And they had been so well-behaved in the horsebox! It was as though they'd waited until they'd got us alone.
I tried to quieten Gypsy, while Shelagh took Guinny off into the bathroom. Perhaps if we separated the cats for a while it might help. And besides, the cats' crates could do with a thorough clean and the bathroom was the only place we could safely let a cat out.
Quietening Gypsy was never easy. The easiest way was to let her do whatever she wanted. Which usually meant allowing myself to be chewed or dragged across the floor. Neither game was among my favourites.
I tried interesting her in some of her toys - her womble, her chews and various rubber animals. She preferred my leg.
"Why don't you take Gypsy for a walk," a disembodied voice called out from the bathroom.
I could think of many reasons. But my legs outvoted me. It might be safer outside.
I walked nonchalantly past the dining room carrying my dog. Trying to blend in with the background as much as possible and present Gypsy as more fashion accessory than pet.
I don't think it worked. I could still feel a large number of eyes lift from their dinner plates and bore into the back of my neck.
Outside, the wind had found an occasional shower and was in the process of throwing it against the Wimereux coastline. I turned to walk Gypsy towards the promenade and was immediately peppered with hail stones. I turned and looked longingly at the hotel door. Could I go back in? Which was worse - to be battered and soaked for twenty minutes or walk back past the dining room carrying a dog?
It was a close call.
But not that close.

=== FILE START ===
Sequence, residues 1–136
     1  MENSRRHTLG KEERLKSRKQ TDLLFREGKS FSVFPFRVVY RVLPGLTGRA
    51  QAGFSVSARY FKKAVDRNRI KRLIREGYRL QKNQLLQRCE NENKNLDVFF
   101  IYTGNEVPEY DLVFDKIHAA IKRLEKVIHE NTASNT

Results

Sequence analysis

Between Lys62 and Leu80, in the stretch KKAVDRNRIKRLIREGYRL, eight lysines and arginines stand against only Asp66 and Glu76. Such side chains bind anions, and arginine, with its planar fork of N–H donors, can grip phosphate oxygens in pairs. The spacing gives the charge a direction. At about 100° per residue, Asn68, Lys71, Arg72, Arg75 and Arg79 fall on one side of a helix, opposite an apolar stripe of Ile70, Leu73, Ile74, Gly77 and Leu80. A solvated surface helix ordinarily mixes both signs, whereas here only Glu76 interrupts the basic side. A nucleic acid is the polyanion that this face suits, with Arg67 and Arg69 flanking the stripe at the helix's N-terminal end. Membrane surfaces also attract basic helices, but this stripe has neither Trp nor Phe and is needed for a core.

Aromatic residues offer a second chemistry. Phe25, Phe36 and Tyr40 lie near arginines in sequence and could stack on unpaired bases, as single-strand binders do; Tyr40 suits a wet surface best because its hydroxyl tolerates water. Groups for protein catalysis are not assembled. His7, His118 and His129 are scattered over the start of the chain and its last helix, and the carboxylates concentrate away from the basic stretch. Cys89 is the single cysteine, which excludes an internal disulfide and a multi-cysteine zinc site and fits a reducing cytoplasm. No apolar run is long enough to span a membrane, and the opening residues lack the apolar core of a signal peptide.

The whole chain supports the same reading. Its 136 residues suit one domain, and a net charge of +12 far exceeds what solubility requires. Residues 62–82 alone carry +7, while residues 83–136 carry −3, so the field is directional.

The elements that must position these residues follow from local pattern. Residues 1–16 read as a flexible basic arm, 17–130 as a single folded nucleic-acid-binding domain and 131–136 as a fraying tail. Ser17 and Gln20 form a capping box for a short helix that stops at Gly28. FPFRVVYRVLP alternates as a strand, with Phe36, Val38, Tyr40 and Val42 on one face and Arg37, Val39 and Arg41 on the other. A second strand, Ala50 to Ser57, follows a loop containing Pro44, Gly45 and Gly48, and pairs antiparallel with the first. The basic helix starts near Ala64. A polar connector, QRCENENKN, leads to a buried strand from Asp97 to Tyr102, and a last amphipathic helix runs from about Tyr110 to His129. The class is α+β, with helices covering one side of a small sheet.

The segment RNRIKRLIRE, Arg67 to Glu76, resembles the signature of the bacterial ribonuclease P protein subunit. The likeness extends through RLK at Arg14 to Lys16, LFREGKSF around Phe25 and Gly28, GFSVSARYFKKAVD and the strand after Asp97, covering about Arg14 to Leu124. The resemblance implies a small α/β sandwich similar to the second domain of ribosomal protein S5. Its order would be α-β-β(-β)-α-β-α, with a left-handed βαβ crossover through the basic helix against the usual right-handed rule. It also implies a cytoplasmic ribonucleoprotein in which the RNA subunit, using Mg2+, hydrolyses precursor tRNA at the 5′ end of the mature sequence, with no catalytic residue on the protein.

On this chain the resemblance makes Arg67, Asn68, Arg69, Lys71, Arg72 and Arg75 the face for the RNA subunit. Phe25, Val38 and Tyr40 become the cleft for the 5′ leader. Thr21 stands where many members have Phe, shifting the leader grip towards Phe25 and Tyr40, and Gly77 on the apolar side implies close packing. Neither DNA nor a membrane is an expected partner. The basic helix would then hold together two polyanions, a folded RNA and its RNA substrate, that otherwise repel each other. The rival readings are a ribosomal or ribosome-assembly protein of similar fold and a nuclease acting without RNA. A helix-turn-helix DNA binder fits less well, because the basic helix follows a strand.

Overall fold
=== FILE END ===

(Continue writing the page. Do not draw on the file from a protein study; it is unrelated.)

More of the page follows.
We moved out of the worst of the storm and tried a side street. At least, with the buildings shielding us from the wind we could walk in some degree of comfort. Above us, the wind had sculpted an arch of hail and rain which whipped off the roofs to seaward and smashed against the upper storey of the houses across the road. Gypsy looked up in amazement. And then refused to lift her eyes off the pavement for the rest of the walk. There were some things a puppy should never have to see.
At the next road junction we hit the wall of rain and ice and fought our way through it as best we could. Then we staggered another block or two before turning round. We'd had enough.
I checked my watch as we slipped in through the hotel door. Three o'clock. Surely the dining room had to empty soon. I looked in vain for signs of another staircase or at least another passage. But there were none. From the lobby you either went up the stairs or left into the dining room.
I felt so self-conscious. Perhaps if I tried speed? Slipped from behind the reception desk and shot up the stairs before anyone had a chance to look up? Swift and silent. It could work.
We burst out of the lobby, a blur of anorak and black fur. I flew over the first step, the second, where's the third, shit, grrrr, bark, bite.